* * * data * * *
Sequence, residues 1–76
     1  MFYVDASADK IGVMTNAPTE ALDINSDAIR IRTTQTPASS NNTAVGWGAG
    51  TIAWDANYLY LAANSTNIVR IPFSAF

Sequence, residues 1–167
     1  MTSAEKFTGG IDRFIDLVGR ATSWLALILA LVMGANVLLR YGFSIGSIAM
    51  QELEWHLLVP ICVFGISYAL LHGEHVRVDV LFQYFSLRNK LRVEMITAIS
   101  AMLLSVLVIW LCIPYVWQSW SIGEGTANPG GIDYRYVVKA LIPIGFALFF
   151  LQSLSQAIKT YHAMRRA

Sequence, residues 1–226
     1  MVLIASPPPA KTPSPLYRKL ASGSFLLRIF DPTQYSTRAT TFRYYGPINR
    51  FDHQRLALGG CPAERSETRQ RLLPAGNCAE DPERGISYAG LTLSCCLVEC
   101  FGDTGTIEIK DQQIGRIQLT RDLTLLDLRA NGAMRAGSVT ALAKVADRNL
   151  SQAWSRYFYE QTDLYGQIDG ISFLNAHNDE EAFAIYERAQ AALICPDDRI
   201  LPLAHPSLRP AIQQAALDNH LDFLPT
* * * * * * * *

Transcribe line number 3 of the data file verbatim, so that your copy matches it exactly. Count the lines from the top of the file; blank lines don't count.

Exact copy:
    51  TIAWDANYLY LAANSTNIVR IPFSAF